The process of inverting digital photographs actually started when I was involved in working on my “Threads Project”. The amazing transformation of my digital “thread drawings” inspired me to use this process on some of photos and has indeed led to quite a body of work.
I have used the inversion process on photos taken on travels, such as to Paris. These photos resulted in a book ” The Other Side Of Paris” and “Sunlight And Shadow”, photos of the grounds of The de Young Museum in San Francisco. But I began some of the outdoor images back when I lived in the little town of Pawcatuck, Connecticut, which lies on the opposite side of a river and the Rhode Island town of Westerly. There I found a beautiful park designed by Olmstead, the same man who designed Central Park in New York City. My first printed inverted image came from these photos and are as delicate as watercolor.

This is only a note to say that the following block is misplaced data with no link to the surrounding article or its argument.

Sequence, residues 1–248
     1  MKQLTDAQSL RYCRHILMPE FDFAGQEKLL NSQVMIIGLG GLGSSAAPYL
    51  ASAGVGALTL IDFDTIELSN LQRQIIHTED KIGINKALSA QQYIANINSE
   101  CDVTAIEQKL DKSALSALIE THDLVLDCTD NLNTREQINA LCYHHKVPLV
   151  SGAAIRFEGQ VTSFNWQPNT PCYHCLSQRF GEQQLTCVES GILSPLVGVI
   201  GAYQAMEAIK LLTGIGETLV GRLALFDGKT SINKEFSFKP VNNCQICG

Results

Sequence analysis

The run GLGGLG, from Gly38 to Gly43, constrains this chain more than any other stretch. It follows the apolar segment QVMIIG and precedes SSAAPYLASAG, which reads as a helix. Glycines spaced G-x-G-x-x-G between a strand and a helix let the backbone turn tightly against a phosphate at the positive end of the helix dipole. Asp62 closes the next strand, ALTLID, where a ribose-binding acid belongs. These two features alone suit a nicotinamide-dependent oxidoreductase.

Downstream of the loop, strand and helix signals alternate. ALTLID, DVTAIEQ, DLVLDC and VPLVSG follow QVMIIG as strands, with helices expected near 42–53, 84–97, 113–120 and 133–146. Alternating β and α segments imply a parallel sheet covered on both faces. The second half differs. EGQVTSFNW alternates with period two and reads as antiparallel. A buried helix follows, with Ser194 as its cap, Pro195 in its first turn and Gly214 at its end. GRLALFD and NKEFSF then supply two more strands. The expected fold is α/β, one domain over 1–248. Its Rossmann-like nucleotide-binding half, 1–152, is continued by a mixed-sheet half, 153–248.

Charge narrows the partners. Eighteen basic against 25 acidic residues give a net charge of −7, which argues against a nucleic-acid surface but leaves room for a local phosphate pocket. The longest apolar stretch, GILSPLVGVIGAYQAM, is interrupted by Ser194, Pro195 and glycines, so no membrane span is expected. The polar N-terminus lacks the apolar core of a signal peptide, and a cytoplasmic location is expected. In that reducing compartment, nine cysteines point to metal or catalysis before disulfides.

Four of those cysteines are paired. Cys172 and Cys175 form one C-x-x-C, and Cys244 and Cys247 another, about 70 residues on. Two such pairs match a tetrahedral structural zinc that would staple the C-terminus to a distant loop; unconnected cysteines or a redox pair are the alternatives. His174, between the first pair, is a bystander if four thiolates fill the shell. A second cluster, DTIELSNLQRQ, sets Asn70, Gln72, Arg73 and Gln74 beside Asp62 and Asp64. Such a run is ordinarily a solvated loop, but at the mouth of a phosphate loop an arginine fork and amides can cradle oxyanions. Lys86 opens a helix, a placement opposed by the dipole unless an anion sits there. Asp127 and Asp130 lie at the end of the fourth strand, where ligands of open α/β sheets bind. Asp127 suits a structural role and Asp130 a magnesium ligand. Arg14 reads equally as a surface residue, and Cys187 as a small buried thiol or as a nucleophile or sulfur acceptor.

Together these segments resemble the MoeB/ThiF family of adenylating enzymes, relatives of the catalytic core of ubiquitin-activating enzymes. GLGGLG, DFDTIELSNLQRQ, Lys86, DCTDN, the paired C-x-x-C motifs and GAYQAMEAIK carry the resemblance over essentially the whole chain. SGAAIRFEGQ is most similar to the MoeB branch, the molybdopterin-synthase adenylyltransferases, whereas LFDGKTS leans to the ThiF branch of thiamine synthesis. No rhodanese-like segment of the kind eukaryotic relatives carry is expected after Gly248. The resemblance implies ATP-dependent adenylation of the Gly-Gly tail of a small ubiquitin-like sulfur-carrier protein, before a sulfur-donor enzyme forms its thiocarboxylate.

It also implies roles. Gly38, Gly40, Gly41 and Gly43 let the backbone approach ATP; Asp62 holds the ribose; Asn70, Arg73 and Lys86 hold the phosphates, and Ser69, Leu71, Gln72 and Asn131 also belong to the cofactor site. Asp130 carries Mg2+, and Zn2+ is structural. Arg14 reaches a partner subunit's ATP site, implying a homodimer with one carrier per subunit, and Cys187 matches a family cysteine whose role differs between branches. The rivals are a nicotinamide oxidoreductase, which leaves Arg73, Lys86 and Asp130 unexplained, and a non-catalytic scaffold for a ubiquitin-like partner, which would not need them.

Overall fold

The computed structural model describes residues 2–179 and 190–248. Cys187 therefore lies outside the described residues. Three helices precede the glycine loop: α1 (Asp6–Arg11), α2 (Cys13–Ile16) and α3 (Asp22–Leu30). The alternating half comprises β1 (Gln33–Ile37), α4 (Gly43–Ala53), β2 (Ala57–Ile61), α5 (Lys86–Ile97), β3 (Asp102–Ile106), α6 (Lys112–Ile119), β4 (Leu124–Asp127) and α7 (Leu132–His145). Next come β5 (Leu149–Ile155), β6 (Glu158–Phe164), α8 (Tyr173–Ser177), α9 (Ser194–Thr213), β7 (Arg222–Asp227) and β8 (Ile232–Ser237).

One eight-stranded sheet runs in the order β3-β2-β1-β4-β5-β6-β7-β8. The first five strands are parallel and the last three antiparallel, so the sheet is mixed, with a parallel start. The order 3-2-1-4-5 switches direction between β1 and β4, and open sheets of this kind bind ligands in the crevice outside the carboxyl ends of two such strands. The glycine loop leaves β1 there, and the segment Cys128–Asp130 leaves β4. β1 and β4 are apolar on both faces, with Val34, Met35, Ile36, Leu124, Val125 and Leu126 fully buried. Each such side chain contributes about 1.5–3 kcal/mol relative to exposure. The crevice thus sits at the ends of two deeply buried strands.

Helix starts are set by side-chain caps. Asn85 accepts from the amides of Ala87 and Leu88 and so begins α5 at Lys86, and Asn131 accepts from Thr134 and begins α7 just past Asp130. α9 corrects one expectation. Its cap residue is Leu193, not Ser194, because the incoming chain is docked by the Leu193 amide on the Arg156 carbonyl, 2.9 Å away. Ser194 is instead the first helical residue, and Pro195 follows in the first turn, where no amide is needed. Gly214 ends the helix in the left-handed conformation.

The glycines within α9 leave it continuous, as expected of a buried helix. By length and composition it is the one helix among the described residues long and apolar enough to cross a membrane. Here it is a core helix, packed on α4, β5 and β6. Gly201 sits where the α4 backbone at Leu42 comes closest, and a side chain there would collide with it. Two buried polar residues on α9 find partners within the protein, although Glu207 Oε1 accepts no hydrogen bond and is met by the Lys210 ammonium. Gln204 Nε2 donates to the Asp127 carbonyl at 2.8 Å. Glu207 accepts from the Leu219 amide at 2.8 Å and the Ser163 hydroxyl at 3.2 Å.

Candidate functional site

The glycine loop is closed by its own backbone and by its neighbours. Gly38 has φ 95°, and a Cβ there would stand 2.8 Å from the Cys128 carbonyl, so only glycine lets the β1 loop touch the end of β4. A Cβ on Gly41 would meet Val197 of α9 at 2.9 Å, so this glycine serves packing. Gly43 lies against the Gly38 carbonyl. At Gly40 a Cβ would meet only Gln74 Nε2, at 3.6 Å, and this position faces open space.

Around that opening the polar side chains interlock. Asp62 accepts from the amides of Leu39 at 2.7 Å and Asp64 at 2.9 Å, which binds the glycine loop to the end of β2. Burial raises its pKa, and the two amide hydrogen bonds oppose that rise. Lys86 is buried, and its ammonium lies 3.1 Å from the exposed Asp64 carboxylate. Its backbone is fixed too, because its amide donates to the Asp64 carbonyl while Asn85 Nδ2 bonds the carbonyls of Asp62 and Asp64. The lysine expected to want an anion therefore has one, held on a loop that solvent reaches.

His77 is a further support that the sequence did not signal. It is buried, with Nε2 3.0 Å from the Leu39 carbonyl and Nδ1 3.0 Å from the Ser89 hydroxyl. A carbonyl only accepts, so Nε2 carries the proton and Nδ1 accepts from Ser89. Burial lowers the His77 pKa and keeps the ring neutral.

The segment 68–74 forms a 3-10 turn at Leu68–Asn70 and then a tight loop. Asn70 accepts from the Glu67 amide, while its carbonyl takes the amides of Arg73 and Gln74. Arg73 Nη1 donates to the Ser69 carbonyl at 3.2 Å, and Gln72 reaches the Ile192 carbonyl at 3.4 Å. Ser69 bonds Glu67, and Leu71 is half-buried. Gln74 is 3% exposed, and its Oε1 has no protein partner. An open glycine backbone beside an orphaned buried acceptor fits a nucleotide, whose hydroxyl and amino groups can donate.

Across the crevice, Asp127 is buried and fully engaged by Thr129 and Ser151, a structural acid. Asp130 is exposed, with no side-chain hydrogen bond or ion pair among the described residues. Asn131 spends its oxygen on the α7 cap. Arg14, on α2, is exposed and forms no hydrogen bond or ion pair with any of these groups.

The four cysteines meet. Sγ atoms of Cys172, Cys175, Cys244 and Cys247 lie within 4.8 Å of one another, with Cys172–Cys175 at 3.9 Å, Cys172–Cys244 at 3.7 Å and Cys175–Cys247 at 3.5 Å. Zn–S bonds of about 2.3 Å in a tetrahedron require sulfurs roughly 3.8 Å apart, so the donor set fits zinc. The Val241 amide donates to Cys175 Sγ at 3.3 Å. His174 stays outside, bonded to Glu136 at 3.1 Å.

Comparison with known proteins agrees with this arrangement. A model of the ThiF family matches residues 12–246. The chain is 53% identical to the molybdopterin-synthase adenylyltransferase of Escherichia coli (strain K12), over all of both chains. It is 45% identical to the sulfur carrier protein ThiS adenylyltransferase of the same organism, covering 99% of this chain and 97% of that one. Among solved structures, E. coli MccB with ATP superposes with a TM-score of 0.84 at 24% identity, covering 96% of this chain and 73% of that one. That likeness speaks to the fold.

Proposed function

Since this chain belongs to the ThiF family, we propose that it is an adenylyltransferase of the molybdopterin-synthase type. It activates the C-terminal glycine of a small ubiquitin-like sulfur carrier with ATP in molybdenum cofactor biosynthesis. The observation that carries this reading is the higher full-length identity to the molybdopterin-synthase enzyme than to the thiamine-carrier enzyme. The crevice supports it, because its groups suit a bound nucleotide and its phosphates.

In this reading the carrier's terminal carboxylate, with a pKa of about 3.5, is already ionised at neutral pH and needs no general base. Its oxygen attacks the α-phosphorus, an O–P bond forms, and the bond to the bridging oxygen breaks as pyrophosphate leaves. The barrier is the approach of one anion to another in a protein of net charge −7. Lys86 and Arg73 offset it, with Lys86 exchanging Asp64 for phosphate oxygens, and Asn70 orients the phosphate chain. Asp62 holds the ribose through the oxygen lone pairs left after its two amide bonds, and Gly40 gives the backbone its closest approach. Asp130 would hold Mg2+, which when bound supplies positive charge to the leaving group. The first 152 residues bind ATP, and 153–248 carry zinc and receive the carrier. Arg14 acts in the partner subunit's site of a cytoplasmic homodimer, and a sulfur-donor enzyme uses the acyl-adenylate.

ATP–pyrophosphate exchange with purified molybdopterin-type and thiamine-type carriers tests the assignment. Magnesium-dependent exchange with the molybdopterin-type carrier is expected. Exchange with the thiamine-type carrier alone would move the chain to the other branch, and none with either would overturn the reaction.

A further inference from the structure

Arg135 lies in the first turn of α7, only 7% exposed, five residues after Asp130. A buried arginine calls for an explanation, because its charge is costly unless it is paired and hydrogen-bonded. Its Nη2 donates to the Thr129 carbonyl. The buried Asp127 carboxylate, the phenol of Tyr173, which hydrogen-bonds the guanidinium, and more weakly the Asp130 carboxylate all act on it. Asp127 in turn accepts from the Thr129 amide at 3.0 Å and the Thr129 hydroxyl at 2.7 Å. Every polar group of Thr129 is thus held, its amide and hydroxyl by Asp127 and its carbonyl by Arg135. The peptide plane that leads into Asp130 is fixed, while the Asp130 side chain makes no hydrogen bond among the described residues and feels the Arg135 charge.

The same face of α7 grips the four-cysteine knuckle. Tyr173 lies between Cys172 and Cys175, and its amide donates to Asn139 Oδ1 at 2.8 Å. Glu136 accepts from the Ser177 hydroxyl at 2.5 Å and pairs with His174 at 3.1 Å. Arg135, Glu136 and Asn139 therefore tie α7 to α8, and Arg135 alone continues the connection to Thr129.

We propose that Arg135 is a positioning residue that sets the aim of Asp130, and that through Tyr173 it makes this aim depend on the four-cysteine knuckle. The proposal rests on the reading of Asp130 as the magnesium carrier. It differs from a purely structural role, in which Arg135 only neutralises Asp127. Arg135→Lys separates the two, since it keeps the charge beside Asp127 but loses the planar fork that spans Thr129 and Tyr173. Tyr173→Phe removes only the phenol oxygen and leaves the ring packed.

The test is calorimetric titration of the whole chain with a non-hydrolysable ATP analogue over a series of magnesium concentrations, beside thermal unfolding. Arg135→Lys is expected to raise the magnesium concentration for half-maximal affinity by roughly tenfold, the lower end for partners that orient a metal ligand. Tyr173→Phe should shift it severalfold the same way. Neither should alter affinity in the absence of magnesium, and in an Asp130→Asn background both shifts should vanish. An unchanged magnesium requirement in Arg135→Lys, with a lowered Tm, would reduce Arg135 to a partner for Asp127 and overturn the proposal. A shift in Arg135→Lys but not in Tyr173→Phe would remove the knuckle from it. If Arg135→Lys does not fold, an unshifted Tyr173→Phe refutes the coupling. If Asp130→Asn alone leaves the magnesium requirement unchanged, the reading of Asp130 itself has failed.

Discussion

But one of my favorite ongoing sites to snap photos suitable for the inversion process is, as mentioned in the last post, right outside my windows. Here are others from that vantage as well as one nearby.
The effect of the the time of day can be seen on the second version from The Patio Series. The image became nearly monochromatic as the sun slid behind the buildings. This view looks down into a small garden area between my building and my neighbor’s. The only manipulation of the photos is the inversion process which is very direct.More images related to this post can be seen in Pages and Posts on “The Threads Project”as well as those relating to the subject of inverted photographs and the books published at Blurb.com.